When seeking for a new furnace or air conditioning system, you might have come across the acronym BTU. If you’re not part of the world of heating and cooling, understanding BTU when buying a new HVAC unit is imperative.
What is BTU?
BTU is the British Thermal Unit. These units are used to assess the amount of energy that is necessary for increasing the temp of one pound of water by one degree Fahrenheit. In other trades, the joule is used to decide these numbers. However, BTUs are typically used when dealing with cooling and heating systems.
Is This Important?
The number of BTUs in a specific HVAC system will correlate with the cooling and heating capacity of that system. Treating BTU as a measuring tool can assist you in differentiating the abilities of comparable units. Purchasing a unit with the right BTU for your house can help you increase the system’s power to satisfy your needs.
Is BTU Right for Me?
The quantity of BTUs that is appropriate for your house will be contingent on your insulation quality, your ceiling height, the size of your home, and several other things. An HVAC inspection is an excellent place to begin when deciding which system is right for you.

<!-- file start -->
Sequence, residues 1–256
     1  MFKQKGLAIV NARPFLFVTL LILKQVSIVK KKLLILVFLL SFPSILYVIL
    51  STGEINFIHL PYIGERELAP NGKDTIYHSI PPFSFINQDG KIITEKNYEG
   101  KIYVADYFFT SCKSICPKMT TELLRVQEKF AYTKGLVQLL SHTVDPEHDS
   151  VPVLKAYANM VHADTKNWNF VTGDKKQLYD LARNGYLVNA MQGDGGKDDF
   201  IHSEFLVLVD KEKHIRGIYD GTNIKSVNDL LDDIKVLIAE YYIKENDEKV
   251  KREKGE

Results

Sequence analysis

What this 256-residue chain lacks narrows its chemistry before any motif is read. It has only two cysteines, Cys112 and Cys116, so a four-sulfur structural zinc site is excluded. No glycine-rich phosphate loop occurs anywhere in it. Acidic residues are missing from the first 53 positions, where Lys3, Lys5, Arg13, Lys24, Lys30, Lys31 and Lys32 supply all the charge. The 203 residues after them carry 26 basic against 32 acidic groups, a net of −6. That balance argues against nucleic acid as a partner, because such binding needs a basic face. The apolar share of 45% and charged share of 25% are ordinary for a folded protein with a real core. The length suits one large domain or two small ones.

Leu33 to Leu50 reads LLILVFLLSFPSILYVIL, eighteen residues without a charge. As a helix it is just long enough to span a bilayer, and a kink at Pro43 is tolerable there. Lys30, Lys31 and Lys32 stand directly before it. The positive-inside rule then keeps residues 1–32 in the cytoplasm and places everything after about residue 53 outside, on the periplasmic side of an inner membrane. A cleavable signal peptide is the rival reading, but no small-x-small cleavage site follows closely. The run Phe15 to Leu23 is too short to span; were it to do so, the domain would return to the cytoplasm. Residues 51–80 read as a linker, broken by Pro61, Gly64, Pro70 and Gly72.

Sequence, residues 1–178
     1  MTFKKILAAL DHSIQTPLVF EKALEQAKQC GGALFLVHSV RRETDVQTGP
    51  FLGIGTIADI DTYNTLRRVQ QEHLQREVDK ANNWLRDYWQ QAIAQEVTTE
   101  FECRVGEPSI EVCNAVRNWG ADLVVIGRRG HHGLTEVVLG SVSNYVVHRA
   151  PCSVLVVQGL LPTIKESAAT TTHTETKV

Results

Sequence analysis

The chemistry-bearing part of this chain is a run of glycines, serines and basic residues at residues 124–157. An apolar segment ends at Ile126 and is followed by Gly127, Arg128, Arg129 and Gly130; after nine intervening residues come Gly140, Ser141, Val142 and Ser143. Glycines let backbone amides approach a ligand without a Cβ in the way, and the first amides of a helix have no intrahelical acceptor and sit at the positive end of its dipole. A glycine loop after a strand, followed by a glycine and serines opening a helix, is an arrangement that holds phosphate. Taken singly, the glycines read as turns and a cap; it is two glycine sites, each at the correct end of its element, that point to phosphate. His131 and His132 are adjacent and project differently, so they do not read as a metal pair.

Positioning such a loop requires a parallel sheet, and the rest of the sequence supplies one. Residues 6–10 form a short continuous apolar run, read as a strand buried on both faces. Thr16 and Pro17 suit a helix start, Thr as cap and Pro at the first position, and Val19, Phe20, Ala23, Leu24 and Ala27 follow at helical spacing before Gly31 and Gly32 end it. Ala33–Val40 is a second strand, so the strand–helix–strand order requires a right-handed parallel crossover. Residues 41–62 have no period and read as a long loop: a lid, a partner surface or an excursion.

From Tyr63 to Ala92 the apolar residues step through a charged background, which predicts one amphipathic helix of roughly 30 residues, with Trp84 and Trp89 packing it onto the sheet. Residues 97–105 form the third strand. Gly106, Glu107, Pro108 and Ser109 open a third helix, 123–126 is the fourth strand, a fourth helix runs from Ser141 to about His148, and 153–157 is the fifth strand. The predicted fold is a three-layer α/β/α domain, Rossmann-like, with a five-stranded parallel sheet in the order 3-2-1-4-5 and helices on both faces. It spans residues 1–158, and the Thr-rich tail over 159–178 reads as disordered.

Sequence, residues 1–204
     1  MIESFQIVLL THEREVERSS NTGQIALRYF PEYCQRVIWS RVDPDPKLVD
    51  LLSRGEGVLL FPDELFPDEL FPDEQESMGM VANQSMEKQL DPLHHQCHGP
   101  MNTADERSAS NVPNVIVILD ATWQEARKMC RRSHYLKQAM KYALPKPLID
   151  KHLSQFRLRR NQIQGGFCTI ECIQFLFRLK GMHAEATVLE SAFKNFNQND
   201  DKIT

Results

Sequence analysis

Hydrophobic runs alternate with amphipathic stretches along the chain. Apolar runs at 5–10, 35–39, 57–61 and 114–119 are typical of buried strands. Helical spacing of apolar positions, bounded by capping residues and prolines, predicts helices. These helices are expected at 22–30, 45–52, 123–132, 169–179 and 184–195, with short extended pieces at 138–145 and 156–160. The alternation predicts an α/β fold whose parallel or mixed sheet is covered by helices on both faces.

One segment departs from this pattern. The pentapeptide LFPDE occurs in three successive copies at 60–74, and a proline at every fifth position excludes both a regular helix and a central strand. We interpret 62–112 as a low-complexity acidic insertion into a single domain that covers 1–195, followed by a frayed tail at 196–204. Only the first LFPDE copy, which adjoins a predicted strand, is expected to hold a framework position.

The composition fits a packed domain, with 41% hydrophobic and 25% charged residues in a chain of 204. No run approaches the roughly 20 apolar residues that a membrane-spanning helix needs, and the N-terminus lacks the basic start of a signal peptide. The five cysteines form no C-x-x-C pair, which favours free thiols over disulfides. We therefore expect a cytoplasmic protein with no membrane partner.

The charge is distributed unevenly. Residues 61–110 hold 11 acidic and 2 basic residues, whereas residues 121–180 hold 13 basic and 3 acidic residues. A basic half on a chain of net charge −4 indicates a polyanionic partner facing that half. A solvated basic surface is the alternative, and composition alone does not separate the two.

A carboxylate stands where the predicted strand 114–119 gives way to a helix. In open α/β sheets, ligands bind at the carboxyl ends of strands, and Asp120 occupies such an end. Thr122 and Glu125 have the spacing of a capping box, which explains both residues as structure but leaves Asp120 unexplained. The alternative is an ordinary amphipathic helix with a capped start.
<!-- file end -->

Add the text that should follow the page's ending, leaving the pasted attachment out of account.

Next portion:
BTUs and Your HVAC System
When it comes to an HVAC system, a BTU rating states you how powerful your appliance is. For instance, a heater that is categorized as a 4,000 BTU heater can create 4,000 BTUs of energy in 60 minutes. This is known as the BTU/HR rating (aka BTU).
A heater with a more excellent BTU rating is more potent, meaning it has a higher heat output than one with a small BTU rating. It does more to increase the temperature in your room every hour. Therefore, you can either heat a bigger space or heat a room faster. Air conditioners work by eliminating heat from a room instead of adding cool air. This is allowed by the compressor system using a chemical refrigerant to soak up heat and then drive it away from your room. It’s let loose into the outdoors.